SKEETER was originally thought to be a red-tailed hawk. Another person thought perhaps a rough-legged hawk but they don't come to this area of the country from above the Arctic Circle until November. I didn't know what his species was until I saw him in person.

Friday, October 9, 2015

Short again...

As in another Short-eared Owl. This one came from the Antelope Coal Mine near Gillette and was found caught in a barb wire fence. LORETTA doesn't have any broken bones but she has a very bad cut on her left wing. That has now been sutured but I'm afraid she won't fly again as the tendon along the leading edge is too damaged. She does still have the wing and if all goes well, it will heal without any problems. She will then be placed as an educational bird.

Short-ears are very much wanted and make excellent ambassadors when shown to the public. They are not a rare bird but not often seen in facilities that do school programs. She will be prized.

Wednesday, October 7, 2015

Another release

This time it's TRAINER, a young male Short-eared Owl found near railroad tracks in Casper. When he got here I couldn't figure out what was wrong but there didn't seem to be any physical damage. I questioned his eyesight but if there was a problem it corrected itself. I started giving him live prey a few days ago and he immediately caught them and had a good meal.

With help from friend Julie Kenney, TRAINER was released at the same spot I let two other baby short-ears go, it's a super habitat for these day hunters. The first photo was as he left the crate, the second was moments later and a good distance away and high. Thanks to Heather O'Brien, WGF in Casper, for meeting me half way for the handoff. She's done this more than once for me and it helps considerably when the drive would have been more than six hours total.

Monday, October 5, 2015

Good bye old friend

I knew her for 34 of her 50+ years. Anyone who went to The Barn Feed and Pet also knew her. BARNEY is a sulfur crested cockatoo and she greeted most every one with the words, "pretty bird" or "pretty, pretty bird". I was shocked when one day I drove up to the store and saw her cage outside. They told me that she was fine one day and died the next. She had been having problems with her hormones which caused feather picking, but no one thought she was in danger.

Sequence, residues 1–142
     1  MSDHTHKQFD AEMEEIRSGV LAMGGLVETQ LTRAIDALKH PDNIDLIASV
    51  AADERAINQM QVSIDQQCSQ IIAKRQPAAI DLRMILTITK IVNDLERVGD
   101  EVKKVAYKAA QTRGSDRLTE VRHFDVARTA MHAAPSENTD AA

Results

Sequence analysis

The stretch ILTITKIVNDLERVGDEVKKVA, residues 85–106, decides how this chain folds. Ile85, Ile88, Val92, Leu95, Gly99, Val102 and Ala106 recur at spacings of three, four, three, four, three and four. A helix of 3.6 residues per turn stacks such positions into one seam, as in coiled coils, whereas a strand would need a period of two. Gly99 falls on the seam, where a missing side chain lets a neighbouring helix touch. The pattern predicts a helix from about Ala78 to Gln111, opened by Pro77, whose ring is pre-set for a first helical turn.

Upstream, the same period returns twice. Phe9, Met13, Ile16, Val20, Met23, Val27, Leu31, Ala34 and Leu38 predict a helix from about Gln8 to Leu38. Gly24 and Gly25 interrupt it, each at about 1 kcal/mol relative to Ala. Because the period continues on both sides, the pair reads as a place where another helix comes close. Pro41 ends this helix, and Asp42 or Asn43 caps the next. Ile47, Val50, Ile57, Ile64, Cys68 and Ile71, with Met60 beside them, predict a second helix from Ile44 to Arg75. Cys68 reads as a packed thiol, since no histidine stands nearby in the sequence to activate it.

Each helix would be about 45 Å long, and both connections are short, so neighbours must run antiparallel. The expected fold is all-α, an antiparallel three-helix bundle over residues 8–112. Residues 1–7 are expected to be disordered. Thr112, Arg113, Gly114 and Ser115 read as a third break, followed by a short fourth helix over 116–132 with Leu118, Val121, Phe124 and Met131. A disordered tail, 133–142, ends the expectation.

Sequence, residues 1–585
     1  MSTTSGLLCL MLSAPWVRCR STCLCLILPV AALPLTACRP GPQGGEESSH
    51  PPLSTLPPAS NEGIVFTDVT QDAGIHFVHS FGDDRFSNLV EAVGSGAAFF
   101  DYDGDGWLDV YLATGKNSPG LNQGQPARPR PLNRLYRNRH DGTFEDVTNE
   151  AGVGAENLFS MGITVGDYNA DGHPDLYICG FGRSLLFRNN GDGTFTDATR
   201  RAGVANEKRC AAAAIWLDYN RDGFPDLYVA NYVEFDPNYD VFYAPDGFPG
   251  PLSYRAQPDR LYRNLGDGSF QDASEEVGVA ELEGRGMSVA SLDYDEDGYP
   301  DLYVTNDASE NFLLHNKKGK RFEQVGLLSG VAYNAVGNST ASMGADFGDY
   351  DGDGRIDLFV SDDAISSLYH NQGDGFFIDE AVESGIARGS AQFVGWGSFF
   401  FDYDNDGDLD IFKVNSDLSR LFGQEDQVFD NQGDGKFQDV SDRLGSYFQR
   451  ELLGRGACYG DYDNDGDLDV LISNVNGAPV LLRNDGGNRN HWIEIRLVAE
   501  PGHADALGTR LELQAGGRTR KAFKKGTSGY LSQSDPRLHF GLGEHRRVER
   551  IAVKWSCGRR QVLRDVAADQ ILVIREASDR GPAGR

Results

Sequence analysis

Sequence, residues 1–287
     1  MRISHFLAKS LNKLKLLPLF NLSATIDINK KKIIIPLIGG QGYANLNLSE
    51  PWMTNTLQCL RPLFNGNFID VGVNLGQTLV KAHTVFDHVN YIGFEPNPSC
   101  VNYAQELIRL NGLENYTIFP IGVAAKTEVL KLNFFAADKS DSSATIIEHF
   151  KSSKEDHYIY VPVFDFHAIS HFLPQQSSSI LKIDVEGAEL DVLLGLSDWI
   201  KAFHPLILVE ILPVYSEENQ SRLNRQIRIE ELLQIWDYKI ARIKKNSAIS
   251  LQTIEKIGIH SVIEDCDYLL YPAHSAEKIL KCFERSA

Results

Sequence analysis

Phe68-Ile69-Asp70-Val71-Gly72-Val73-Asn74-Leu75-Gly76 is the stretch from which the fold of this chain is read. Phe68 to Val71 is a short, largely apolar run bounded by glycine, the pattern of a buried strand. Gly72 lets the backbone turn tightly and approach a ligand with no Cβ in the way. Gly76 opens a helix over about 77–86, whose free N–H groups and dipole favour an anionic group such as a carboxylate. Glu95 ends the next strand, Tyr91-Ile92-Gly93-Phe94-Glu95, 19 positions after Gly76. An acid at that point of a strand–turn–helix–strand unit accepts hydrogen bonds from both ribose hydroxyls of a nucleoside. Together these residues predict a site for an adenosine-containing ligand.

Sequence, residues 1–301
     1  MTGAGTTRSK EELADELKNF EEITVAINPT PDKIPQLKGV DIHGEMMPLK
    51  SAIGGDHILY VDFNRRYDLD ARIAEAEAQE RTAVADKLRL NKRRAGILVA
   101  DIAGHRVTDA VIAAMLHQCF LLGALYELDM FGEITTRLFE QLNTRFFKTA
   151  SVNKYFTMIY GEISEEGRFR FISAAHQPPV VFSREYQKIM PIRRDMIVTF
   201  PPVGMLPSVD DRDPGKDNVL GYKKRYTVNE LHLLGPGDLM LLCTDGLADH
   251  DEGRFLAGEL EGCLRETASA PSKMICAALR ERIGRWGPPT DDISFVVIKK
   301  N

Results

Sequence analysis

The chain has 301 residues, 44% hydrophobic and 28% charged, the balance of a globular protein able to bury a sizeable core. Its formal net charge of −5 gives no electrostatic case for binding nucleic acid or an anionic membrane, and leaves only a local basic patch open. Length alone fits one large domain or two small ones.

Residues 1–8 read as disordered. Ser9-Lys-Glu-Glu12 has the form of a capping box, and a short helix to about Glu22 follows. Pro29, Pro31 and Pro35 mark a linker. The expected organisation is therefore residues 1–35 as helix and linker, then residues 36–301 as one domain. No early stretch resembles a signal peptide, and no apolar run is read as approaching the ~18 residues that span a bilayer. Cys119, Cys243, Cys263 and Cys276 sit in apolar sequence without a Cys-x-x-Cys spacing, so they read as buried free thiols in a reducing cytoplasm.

I will miss her talking and even barking when she saw a dog come into the store. Fly fast old one, you were very loved while here.

Sunday, October 4, 2015

My trip

For the first time in three years I took a vacation. This time it was to Alaska, a place I've wanted to visit for a long time. My friend Jenny, of Native Bird Connections, and I flew to Juneau on September 20th to spend 10 days covering a lot of ground. In that time we were in six airplanes, two ferries, one excursion boat to see glaciers and had to rent three cars. It's difficult to get around in that state, they have roads but in order to go many places it requires air or water.

Here are a few of the photos I took while exploring a most fascinating place.

Visiting the Juneau Raptor Center on top of the tram ride. Ann Marie introduced us to LADY BALTIMORE, their resident bald eagle.
A shot of two enormous cruise ships after arriving in Juneau. This photo was taken from the tram as we came down, too foggy to see earlier.
The view from our first ferry ride to Sitka
Visiting the Alaska Raptor Center in Sitka, the largest rehab facility in AK. Susan, new Director Peter Colson, and Jenny.
Some of their non-releasable birds. As it rains there a lot each bird has an umbrella for when a downpour comes along.
We were hoping to see hundreds of bald eagles congregating here but unfortunately that happens next month so we only saw five.
One of the plane rides, this one a small eight passenger on a trip that eventually stopped in Haines.
If you get Nat Geo or Nat Geo Wild on TV you've probably seen this guy. It's Steve Kroschel who works with wolverines. We visited his place one day and saw lots of the animals he keeps there including his wolverine, grey fox, caribou and a very huge lynx.
Some more photos. We visited a musk oxen farm, saw some very large glaciers (I missed one calving), moose, bears at a facility near Girdwood, and hoped to see beluga whales but the closest we got was some sculptures at a visitor center.

In front of one of the very large glaciers.
And one picture that's worth a thousand words. When we parked at a turnout in the bald eagle preserve we were right next to this pile of bear scat. You'll notice that besides seeds there are three pieces of plastic. From someone's lunch perhaps?